Hwange National Park is a famous reserve located in western Zimbabwe.
Southern White Rhinoceros
(Ceratotherium simum simum)
Lion Country Safari is proud to be a part of the SSP (Species Survival Plan) of this endangered species, and many white rhinos have been born on our preserve since 1977. In the wild, rhinos have been hunted for their horns. Instead of being composed of bony material, rhino “horns” are made of fibers of keratin, a protein also found in our human hair and fingernails. White rhinos get their name from the Afrikaans word “wyde,” meaning wide, or square-lipped. Their color is actually stone-gray, not white as their name suggests.
Common Zebra (Equus burchelli)
A member of the horse family, all are marked with patterns of stripes. Each individual has unique markings and like human fingerprints, no two are alike. Zebras are social animals that form close knit groups composed of an adult stallion, several mares and their foals. These family groups join together to form a herd. (Zebra foals are born throughout the year at Lion Country Safari.)
Jackson’s Hartebeest (Alcelaphus buselaphus)
The hartebeest maybe somewhat odd in appearance, but are remarkably one of the fastest and enduring runners among antelopes. This grassland antelope is mostly found in west, east and southern regions of Africa. Hartebeests are large animals with a fawn-colored coat. There are several sub species of this animal.
Chimpanzee (Pan troglodytes)
Lion Country Safari is home to one of the largest displays of wild chimpanzees in North America. Our four island habitats are home to several generations of chimpanzees, which trace their roots back to east Africa. Though some of our chimpanzees are former house pets and actors, many have been born here and they are now all fully integrated into the complex social structure of each island troop and may be considered wild. Learn about the chimpanzees at our facility.
White-Handed Gibbon (Hylobates lar)
Native to Southeast Asia, gibbons live in small family groups in dense forest habitat and travel through their environment in a hand-over-hand method of locomotion known as brachiation. Their coat color ranges from cream to black and does not indicate the age or the gender of the animal.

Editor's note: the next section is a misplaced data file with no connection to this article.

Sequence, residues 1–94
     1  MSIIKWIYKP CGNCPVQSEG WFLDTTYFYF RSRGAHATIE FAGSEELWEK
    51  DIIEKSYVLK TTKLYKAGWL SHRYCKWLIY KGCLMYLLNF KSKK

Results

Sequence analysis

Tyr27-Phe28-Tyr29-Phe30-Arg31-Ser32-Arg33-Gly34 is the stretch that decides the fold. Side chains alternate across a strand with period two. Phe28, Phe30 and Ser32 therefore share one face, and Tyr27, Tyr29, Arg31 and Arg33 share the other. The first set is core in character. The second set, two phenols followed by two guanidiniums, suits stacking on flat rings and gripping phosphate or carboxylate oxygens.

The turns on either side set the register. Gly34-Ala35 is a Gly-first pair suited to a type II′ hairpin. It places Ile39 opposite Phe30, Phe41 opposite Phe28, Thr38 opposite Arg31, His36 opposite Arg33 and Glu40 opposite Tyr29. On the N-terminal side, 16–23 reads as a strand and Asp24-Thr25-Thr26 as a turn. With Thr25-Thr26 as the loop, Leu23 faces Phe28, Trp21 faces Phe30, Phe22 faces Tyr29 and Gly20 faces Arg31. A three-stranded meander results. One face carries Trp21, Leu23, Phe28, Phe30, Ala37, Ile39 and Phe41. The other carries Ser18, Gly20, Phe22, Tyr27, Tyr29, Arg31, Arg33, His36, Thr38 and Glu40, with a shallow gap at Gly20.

Giraffe (Giraffa camelopardalis)
The tallest of all animals, giraffes can reach heights of 18 feet. With keen senses of smell, sight, and hearing, giraffes are well equipped to sense danger approaching. Its long legs, neck, and 18-inch tongue allow the giraffe to reach the tender leaves of the tallest acacia trees. Despite the length of its neck, a giraffe still only has seven vertebrae in its neck — the same number as most other mammals. Giraffe horns (ossicones) are covered with fur; only giraffe and their closest living relatives (okapi) have these kinds of horns.
Wildebeest (Connochaetes taurinus)
An unusual member of the antelope family is the wildebeest, also known as the gnu. Due to their muscular shoulders and thin legs, they have a top-heavy appearance. There is a fringe of hair on their chests, and their faces are strongly whiskered. Their horns curve out over their ears and turn sharply upward at the ends. Wildebeest dominate the plains and acacia savannas of southeastern Africa, where they feed on short grasses.
Greater Kudu (Tragelaphus strepsiceros)
The greater kudu is one of the most beautiful species of antelope in the world. Native to the bushlands and woodlands of central and southern Africa, kudus are browsers that eat the leaves and shoots from a variety of plants. Males are known for their spectacular, curved horns which can grow as long as 6 feet. These horns do not prevent kudus from getting around in their densely wooded habitat; they simply tilt their chins up, laying their horns flat against their backs, and can then move easily through the dense vegetation.
Lowland Nyala (Tragelaphus angasii)
Range: native to southern Africa.
Fast Facts: Weighs up to 309 lbs (140kg). Only males have horns. The nyala does not show signs of territoriality. They are very cautious creatures.